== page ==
Tuesday, 7 June 2005

Reprise: -ize and -ise

Since I'm a big language usage buff, I'll make a comment inspired by this letter to the Straits Times this morning that my friend sent on to me:
The Certificate of Marriage issued by the Registry of Marriages spells 'solemnise' as 'solemnize'. I believe this is American English and is not the form used here.

To verify this, I checked the Internet. Only American websites use 'solemnize'.

The Government should take the lead in ensuring correct English usage.
Putting aside the implication that American English is somehow not "correct", I'll note the following: while -ise for suffixes is the more standard UK English usage, the Oxford English Dictionary - about as authoritative a British source as it gets - uses -ize, as it's etymologically closer to the suffix's roots (Greek -izo). The argument for -ise is it makes for pleasing standardisation with other words that are always spelt "-ise": surprise, reprise, concise, precise, etc. Which is to say - whichever one you use is not a grammatical issue, as long as you're consistent.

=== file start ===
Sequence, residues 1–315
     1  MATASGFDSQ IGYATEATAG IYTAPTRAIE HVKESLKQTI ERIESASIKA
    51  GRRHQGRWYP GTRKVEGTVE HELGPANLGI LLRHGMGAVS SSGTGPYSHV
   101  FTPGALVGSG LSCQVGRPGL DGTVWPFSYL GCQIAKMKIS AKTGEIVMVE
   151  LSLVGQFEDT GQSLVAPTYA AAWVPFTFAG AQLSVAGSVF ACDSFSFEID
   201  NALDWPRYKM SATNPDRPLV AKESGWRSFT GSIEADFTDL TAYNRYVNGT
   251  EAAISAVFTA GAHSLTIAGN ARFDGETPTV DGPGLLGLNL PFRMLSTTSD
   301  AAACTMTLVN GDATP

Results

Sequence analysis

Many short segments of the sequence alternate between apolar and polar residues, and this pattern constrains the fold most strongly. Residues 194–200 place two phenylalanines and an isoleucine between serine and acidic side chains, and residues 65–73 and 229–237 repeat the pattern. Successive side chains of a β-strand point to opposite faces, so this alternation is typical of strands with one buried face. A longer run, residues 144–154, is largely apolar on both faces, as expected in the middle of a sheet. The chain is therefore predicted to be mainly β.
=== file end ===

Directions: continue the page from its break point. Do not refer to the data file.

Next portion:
The sad grammar-geek part is that I knew all that off the top of my head. But for proof, here's what the OED editors say - noting also that "-ize" is also the form used by the Encyclopedia Britannica, as well as the former Times style.



Did you write in in reply?

I found one of the other letters more interesting. You know, the one where the redundant inclusion of the words 'and stool' on a sign in a food centre is apparently an egregious error which 'should be rectified as soon as possible'.


Feel free to write in to make the point if you want...

Actually if we want to take eliminating redundancies all the way, the phrase "free gift" is another one to look at.


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